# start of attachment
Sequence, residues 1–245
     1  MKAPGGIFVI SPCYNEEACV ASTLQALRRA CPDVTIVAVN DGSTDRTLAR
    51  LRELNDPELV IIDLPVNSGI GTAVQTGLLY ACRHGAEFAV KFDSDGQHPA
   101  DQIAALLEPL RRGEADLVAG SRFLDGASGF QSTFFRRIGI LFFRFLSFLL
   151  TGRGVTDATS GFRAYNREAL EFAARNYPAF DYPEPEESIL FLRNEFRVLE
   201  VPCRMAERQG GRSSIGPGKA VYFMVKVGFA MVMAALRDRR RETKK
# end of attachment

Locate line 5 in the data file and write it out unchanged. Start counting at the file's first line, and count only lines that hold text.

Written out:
   151  TGRGVTDATS GFRAYNREAL EFAARNYPAF DYPEPEESIL FLRNEFRVLE